# Continuous bijections vs. Homeomorphisms

This is motivated by an old question of Henno Brandsma.

Two topological spaces $X$ and $Y$ are said to be bijectively related, if there exist continuous bijections $f:X \to Y$ and $g:Y \to X$. Let´s denote by $br(X)$ the number of homeomorphism types in the class of all those $Y$ bijectively related to $X$.

For example $br(\mathbb{R}^n)=1$ and also $br(X)=1$ for any compact $X$. Henno´s question was about nice examples where $br(X)>1$. The list wasn´t too long, but all the examples in there also satisfied $br(X) \geq \aleph_0$. So here is my question:

Is there a topological space $X$ for which $br(X)$ is finite and bigger than $1$?

-
I suspect not. It may help to view the induced injective maps (in the opposite direction) on the infinite join-complete lattice of open sets. I think one can produce a countable series of such maps given two such, and from that craft a countable number of homeomorphism types. Gerhard "My View Of Topological Algebra" Paseman, 2012.02.07 –  Gerhard Paseman Feb 7 '12 at 20:33
@Gerard: How do you produce such a countable series of maps? on which lattices? –  Ramiro de la Vega Feb 8 '12 at 12:08
Let g be a continuous bijective map from X to Y. Let L be the lattice of open sets of X, and M similarly for Y. g induces an injective map from M to L which is not onto when g is not a homeomorphism. The map preserves arbitary joins and possibly arbitrary meets when they exist. Now as a result both lattices are infinite, and f and g induce lattice mappings which are not onto. Consider repeated compositions of these lattice maps. It may inspire you to find a "gap" of some sort that you can repeat. Gerhard "Ask Me About System Design" Paseman, 2012.02.08 –  Gerhard Paseman Feb 9 '12 at 4:59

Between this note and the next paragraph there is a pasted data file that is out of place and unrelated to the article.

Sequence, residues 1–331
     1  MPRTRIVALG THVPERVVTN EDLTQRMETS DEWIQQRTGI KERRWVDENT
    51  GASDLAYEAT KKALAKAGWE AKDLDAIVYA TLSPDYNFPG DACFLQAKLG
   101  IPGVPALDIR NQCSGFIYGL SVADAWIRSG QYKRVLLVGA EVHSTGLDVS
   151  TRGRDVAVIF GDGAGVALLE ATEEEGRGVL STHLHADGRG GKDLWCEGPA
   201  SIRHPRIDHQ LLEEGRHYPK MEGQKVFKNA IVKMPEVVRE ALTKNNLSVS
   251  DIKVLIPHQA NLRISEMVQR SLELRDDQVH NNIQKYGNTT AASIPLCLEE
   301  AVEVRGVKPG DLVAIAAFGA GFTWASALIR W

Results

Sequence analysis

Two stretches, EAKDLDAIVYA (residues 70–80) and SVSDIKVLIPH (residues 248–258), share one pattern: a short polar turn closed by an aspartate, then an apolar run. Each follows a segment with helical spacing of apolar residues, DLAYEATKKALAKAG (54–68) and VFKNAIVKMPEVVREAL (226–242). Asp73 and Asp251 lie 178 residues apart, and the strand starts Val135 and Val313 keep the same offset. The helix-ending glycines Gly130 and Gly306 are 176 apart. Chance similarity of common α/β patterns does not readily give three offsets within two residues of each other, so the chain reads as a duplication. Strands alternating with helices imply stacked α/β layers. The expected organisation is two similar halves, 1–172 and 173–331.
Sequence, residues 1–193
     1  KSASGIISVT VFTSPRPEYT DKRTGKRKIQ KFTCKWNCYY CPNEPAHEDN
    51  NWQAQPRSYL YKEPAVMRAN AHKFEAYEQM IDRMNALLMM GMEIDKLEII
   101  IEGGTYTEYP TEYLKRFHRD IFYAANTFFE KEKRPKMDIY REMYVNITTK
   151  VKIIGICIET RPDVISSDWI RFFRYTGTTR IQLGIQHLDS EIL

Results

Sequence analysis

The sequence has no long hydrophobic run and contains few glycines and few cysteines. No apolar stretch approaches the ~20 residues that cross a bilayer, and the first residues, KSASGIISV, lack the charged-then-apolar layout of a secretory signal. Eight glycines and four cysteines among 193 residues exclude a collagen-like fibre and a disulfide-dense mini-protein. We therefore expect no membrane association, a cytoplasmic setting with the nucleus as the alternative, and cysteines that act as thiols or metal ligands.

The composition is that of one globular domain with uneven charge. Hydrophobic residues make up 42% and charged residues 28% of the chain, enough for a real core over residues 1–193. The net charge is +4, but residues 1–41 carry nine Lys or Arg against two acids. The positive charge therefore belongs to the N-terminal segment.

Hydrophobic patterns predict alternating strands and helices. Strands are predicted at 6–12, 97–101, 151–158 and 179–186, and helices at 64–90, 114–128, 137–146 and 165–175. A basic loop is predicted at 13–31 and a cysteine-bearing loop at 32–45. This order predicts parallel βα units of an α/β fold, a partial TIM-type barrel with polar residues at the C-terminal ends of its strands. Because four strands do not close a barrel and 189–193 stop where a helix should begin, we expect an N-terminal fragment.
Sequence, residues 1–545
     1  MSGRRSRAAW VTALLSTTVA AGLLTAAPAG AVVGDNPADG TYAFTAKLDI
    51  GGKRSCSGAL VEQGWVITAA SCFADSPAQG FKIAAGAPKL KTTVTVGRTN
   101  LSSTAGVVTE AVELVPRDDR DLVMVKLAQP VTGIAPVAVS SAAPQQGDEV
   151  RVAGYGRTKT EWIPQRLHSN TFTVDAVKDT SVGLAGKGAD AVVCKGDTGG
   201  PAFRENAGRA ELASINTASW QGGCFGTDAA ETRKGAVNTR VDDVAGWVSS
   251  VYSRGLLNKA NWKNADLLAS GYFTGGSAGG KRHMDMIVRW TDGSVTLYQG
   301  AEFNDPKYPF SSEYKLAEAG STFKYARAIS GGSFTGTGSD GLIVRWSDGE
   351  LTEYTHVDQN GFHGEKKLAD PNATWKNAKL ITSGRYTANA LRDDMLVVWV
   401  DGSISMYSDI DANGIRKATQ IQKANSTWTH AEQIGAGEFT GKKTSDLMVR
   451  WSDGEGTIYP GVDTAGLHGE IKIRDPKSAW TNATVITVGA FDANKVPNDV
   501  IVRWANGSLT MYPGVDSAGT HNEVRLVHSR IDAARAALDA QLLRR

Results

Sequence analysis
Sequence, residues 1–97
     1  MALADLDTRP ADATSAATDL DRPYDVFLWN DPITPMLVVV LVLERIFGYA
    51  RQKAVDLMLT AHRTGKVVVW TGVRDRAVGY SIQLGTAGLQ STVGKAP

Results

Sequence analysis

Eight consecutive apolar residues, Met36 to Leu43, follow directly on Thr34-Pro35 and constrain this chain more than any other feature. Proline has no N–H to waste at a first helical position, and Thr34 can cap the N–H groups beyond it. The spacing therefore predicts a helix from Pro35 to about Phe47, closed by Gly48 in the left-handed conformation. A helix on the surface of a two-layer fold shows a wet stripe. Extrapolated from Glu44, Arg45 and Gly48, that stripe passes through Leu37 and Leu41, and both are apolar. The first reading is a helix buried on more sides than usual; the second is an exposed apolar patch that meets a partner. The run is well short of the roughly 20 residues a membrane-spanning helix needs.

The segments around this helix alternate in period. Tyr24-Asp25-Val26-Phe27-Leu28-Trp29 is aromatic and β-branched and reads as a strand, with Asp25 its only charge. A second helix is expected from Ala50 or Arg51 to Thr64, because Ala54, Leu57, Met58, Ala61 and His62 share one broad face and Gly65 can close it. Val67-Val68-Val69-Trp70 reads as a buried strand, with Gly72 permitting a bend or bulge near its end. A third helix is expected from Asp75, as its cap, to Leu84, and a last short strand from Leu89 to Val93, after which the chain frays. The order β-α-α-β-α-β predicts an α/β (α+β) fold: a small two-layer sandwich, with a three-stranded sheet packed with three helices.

For example, if the maps f and g allow you to produce the examples in my answer to Henno's question, you might see how to multiply the gap and produce a space like (referring to my notation in the other question) ... X X X' X' X' X" X" X" X" ..., and countably many other examples. Also, it may be that this was studied in a framework of category theory, and that the properties of the appropriate category might show that br(X) ie either 1 or infinite. Gerhard "Ask Me About System Design" Paseman, 2012.02.08 –  Gerhard Paseman Feb 9 '12 at 5:03
I think the following should have $br(X)=2$. Take Andreas' example of a space which is homeomorphic to itself + two isolated points, but not itself + one point (mathoverflow.net/questions/26385/…). Now take the product of this with $S^1$, and add infinitely many disjoint copies of $[0,1)$. –  George Lowther Jun 14 '13 at 15:26